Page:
One story that is worth taking a look at is Mujib Mashal's "Afghan Panel Sets Election Date, Drawing Government Criticism." Afghanistan and the United States are intimately linked. At the end of the 1970s when neoliberalism -- the eradication of social democracy -- was taking root in a post-Vietnam, post-Watergate America, a robust militarist accompaniment was called for. Afghanistan provided it with Charlie Wilson's War, the U.S.-led, Saudi-funded proxy conflict against the Soviet Union. Then there was the post-9/11 occupation, which remains to this day despite many announcements of the end of combat operations.
In 2014 the U.S./NATO puppet government was in danger of splitting apart because of the fraudulent election of Ashraf Ghani over his opponent Abdullah Abdullah. Secretary of State John Kerry jetted in and cobbled together an "extra-legal" agreement enshrining a unity government that made Ghani president and Abdullah chief executive.
That agreement had a sunset date, this October, and some caveats, two of which are that parliamentary elections be held before October and that a loya jirga be convened, none of which has happened. According to Mashal,
The Afghan unity government, brokered by the United States after the bitter election dispute between Mr. Ghani and Mr. Abdullah in 2014 threatened to tear the country apart, is in a race against time to meet the requirements of the political agreement it was founded on, set to expire in October.
That agreement requires the government to hold local elections, which are already months overdue, by the time it completes two years in office in October. It is also supposed to have convened a grand assembly of elders from across the country by October to amend the Constitution and create the position of prime minister for Mr. Abdullah to move into.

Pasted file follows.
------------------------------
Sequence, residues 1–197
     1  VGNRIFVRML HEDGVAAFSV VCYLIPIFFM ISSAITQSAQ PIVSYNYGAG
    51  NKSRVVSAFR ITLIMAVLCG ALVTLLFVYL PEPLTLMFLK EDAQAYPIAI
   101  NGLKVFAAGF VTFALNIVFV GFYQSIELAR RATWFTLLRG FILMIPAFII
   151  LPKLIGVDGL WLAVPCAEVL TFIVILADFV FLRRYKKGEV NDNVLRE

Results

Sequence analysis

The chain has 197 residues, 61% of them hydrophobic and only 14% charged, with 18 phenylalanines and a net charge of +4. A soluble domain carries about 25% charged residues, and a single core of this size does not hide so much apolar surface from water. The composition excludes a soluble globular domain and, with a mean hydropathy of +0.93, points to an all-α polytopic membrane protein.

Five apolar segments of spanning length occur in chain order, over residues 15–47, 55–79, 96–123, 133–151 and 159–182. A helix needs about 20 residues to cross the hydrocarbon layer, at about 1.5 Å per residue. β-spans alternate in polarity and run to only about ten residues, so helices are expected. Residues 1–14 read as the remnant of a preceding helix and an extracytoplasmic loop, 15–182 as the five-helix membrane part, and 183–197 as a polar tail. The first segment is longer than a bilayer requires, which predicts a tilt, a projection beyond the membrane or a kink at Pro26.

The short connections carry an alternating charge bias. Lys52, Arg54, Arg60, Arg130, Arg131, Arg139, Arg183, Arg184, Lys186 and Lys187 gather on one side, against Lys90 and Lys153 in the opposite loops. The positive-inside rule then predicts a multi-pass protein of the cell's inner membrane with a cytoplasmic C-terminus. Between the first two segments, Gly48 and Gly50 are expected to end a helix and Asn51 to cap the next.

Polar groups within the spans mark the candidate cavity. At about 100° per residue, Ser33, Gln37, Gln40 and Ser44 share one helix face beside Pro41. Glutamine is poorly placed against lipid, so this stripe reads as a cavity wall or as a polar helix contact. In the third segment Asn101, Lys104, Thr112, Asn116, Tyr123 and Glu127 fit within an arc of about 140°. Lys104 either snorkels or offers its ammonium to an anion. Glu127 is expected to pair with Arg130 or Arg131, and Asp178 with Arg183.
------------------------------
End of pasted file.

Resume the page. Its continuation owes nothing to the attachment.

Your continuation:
Pressure from political opposition groups has been increasing on Mr. Ghani and Mr. Abdullah in recent months. Some of the groups have warned that the government, severely pressed by Taliban offensives across the country, will lose its legitimacy if it does not hold the elections soon. Other groups have given up on the current government entirely, calling for early presidential elections to bring in a new administration.The problem is even if there were a decision by all in government to hold elections immediately there would likely not be enough time, with war raging in Helmand Province and Islamic State on the rise in Nangarhar Province, to have elections by October.
The October surprise in the U.S. elections could be the collapse of the quisling government in Afghanistan.